Test Results

R-meter and impulse radar testing confirmed the presence of reinforcing steel connecting the bridge railing to the adjoining sculpture. Due to the geometry of the sculpture, the depth of penetration of this steel could not be determined. However, based upon visual inspection, and test results, it was determined that the steel did not pose a threat to the sculptures. A metal anchor was also found in the helmets of the sculptures. Impact echo testing detected the presence of a horizontal crack or disbondment within the helmet, however, the consultant indicated that it was not posing a threat to the sculpture. The echo testing also indicated that large voids do not exist within the concrete comprising any of the four sculptures. The impulse radar test also confirmed the result of the impact echo and R-meter testing. This information, coupled with the CTL Microscopical Examination taken from a concrete sample, lead the consultants to recommend that the sculptures were in fair to good condition, and could be restored.

Conservation Treatment

Steam cleaning the sculptures

The treatment was completed by Conservation of Sculpture and Objects Studio. First the sculptures were cleaned with steam in the range of 100 to 200 psi. Then Bio-klean, a biocide containing sodium hydroxide and amine oxide which destroys any living organism from the cement surface, was used as a two part system. First, an alkaline wash was sprayed on and removed with steam. Then, a weak organic acid wash was applied to neutralize the surface which was again rinsed with steam. Areas of delamination were consolidated with Paraloid B-67, a resin consisting of acrylic copolymer and small amounts of monomers and toluene. Cracks and fissures ranging from 1/16 inch and larger were injected with M-30-Jahn injection mortar comprised of silicon dioxide, non-hazardous aggregates, tricalcium silicate, dicalcium silicate, tricalcium aluminate, calcium oxide, and inorganic pigments. The drainage system in the sculptures was repaired to prevent further deterioration and to properly avert water away from the sculptures. Finally, a coating of H 40, a siloxane water repellent was applied to the sculptures to prevent future damage from salt and pollutants. The coating allows moisture to pass through from the inside of the sculptures, thus preventing moisture from being trapped and causing surface deterioration. The treatment is in accordance with the Secretary of Interior Standards for Restoration, and has been approved by the Illinois Historic Preservation Agency as a requirement for the TEA21 funding.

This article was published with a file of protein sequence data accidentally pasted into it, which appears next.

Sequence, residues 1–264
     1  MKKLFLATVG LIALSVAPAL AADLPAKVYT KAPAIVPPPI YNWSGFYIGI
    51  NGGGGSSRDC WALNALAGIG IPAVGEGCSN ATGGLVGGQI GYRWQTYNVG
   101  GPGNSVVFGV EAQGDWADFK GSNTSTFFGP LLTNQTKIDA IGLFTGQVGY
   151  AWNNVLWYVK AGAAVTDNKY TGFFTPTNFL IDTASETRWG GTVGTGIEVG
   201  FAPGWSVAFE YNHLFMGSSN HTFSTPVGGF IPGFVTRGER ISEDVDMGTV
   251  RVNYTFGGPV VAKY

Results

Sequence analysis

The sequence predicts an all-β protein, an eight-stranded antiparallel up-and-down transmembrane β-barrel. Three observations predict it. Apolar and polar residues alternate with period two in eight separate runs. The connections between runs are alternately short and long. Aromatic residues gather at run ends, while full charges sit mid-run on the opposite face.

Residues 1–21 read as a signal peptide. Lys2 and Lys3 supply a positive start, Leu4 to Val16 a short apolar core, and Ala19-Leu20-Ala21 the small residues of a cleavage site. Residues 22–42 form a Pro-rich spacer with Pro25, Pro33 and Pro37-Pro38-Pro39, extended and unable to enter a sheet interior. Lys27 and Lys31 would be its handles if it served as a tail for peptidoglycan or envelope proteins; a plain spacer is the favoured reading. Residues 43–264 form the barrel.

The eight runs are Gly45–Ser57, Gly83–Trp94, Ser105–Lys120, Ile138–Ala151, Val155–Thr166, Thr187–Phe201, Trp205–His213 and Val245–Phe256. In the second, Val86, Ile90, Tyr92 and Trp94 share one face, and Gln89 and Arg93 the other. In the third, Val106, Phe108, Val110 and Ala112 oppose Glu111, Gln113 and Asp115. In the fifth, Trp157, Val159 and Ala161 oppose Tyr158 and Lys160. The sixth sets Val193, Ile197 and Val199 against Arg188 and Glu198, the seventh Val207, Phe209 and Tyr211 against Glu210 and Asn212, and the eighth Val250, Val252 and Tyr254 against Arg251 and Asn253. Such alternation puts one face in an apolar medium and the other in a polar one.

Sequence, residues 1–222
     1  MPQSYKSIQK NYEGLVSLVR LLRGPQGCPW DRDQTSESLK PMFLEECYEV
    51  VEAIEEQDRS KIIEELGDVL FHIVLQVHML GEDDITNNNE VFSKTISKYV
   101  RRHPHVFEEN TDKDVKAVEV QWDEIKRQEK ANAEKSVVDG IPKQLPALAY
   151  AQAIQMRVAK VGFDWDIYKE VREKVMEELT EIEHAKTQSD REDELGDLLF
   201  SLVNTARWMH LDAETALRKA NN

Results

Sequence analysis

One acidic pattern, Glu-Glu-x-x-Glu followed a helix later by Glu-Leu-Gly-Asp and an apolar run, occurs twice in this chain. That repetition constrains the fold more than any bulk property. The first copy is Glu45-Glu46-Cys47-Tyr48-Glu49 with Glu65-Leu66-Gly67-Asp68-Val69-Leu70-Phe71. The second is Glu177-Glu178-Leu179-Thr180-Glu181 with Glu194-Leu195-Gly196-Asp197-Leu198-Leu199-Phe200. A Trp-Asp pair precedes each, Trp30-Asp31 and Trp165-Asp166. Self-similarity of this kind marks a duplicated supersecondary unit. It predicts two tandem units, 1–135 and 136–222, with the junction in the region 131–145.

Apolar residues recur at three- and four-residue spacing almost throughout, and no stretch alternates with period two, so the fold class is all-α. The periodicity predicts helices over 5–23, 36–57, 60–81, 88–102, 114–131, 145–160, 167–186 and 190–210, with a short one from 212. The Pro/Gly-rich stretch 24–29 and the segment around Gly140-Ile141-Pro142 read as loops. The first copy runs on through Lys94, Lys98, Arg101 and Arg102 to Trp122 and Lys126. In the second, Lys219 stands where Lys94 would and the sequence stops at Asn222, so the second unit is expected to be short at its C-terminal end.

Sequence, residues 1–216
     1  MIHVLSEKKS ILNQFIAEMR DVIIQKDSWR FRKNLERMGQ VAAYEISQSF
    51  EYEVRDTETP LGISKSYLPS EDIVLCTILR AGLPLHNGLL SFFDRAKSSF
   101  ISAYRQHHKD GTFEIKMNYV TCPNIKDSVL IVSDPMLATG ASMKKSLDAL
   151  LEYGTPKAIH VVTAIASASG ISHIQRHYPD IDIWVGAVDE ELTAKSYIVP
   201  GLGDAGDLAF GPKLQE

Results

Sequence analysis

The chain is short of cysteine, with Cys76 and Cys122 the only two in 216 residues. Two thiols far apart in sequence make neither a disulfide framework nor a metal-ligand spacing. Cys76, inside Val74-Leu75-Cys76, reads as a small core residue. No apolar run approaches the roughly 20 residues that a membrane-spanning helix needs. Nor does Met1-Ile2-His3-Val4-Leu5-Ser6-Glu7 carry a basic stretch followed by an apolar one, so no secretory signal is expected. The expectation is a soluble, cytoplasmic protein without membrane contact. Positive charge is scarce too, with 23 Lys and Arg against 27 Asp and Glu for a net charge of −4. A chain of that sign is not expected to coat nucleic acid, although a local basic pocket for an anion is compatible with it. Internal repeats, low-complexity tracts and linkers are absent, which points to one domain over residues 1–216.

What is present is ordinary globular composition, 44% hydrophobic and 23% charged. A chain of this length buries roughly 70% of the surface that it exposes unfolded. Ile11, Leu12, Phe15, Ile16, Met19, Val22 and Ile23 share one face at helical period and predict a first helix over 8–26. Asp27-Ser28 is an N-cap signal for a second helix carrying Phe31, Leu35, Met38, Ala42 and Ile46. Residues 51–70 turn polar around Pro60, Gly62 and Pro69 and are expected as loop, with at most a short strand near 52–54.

Applying water repellant

For the surface conservation, a cement based repair material was developed to match the original concrete. It was necessary to have the new repair concrete weaker than the original material because the weaker material will fail before it does any damage to the original substrate. In order to provide structural strength of the new repair material and proper bond to the surface, titanium pins were inserted into the original concrete along with wire. This will increase the longevity of the repairs. The sculptures were then coated with Sure Kean – Weather Seal H40 Water Repellent – a siloxane-based water repellant manufactured by Pro So Co comprised of petroleum naptha, isobutyltriethoxysilane, alkyl polysilicates, and ethyl alcohol.

Taking a mold of the sculpture

The drainage pipes in each sculpture were filled with Paraloid B-67 in Acetone for 30 minutes, and then allowed to drain in order to prevent future corrosion of the ferrous pipes. The piers were coated with a lime wash to match the original color since the 1990 repairs included a new thick coating of concrete that could not be removed.

Following the conservation treatment, molds were taken of the sculptures, and from the molds positives were formed using the West Epoxy system. The positives were then placed at the Illinois Math and Science Academy to remain until such time as repairs are needed in the future. In that event, they will serve to make molds of deteriorated portions of the sculptures.